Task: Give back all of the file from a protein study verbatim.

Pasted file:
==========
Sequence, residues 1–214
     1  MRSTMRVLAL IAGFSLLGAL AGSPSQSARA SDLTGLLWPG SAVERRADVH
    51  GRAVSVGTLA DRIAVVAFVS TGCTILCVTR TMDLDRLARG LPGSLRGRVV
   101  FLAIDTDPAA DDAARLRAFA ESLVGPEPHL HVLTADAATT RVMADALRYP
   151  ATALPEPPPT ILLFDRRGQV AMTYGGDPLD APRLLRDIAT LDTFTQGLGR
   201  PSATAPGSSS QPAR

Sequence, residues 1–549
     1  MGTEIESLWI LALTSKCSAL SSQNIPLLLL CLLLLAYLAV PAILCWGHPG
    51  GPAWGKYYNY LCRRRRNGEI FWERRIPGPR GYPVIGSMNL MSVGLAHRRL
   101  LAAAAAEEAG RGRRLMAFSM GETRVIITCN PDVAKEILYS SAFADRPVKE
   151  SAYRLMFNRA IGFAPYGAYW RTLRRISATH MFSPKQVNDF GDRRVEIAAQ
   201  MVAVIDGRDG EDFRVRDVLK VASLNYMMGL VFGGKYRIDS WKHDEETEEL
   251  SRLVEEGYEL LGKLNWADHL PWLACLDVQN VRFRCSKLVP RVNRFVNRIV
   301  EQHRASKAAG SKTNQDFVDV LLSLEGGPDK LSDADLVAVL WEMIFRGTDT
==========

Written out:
Sequence, residues 1–214
     1  MRSTMRVLAL IAGFSLLGAL AGSPSQSARA SDLTGLLWPG SAVERRADVH
    51  GRAVSVGTLA DRIAVVAFVS TGCTILCVTR TMDLDRLARG LPGSLRGRVV
   101  FLAIDTDPAA DDAARLRAFA ESLVGPEPHL HVLTADAATT RVMADALRYP
   151  ATALPEPPPT ILLFDRRGQV AMTYGGDPLD APRLLRDIAT LDTFTQGLGR
   201  PSATAPGSSS QPAR

Sequence, residues 1–549
     1  MGTEIESLWI LALTSKCSAL SSQNIPLLLL CLLLLAYLAV PAILCWGHPG
    51  GPAWGKYYNY LCRRRRNGEI FWERRIPGPR GYPVIGSMNL MSVGLAHRRL
   101  LAAAAAEEAG RGRRLMAFSM GETRVIITCN PDVAKEILYS SAFADRPVKE
   151  SAYRLMFNRA IGFAPYGAYW RTLRRISATH MFSPKQVNDF GDRRVEIAAQ
   201  MVAVIDGRDG EDFRVRDVLK VASLNYMMGL VFGGKYRIDS WKHDEETEEL
   251  SRLVEEGYEL LGKLNWADHL PWLACLDVQN VRFRCSKLVP RVNRFVNRIV
   301  EQHRASKAAG SKTNQDFVDV LLSLEGGPDK LSDADLVAVL WEMIFRGTDT